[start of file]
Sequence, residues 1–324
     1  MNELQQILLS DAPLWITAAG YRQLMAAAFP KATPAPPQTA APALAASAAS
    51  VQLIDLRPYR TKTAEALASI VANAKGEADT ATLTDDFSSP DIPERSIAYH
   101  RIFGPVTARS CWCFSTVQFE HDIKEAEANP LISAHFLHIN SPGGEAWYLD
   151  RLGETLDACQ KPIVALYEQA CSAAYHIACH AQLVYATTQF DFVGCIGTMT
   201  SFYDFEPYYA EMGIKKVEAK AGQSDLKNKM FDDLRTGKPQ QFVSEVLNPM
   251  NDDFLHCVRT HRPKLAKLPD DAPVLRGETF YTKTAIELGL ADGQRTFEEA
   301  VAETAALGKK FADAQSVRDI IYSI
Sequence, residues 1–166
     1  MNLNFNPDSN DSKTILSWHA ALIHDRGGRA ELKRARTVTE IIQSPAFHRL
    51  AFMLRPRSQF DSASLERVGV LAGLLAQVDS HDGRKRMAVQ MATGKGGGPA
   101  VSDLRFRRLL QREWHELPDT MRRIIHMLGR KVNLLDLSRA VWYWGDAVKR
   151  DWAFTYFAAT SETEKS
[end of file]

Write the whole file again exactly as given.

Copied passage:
Sequence, residues 1–324
     1  MNELQQILLS DAPLWITAAG YRQLMAAAFP KATPAPPQTA APALAASAAS
    51  VQLIDLRPYR TKTAEALASI VANAKGEADT ATLTDDFSSP DIPERSIAYH
   101  RIFGPVTARS CWCFSTVQFE HDIKEAEANP LISAHFLHIN SPGGEAWYLD
   151  RLGETLDACQ KPIVALYEQA CSAAYHIACH AQLVYATTQF DFVGCIGTMT
   201  SFYDFEPYYA EMGIKKVEAK AGQSDLKNKM FDDLRTGKPQ QFVSEVLNPM
   251  NDDFLHCVRT HRPKLAKLPD DAPVLRGETF YTKTAIELGL ADGQRTFEEA
   301  VAETAALGKK FADAQSVRDI IYSI
Sequence, residues 1–166
     1  MNLNFNPDSN DSKTILSWHA ALIHDRGGRA ELKRARTVTE IIQSPAFHRL
    51  AFMLRPRSQF DSASLERVGV LAGLLAQVDS HDGRKRMAVQ MATGKGGGPA
   101  VSDLRFRRLL QREWHELPDT MRRIIHMLGR KVNLLDLSRA VWYWGDAVKR
   151  DWAFTYFAAT SETEKS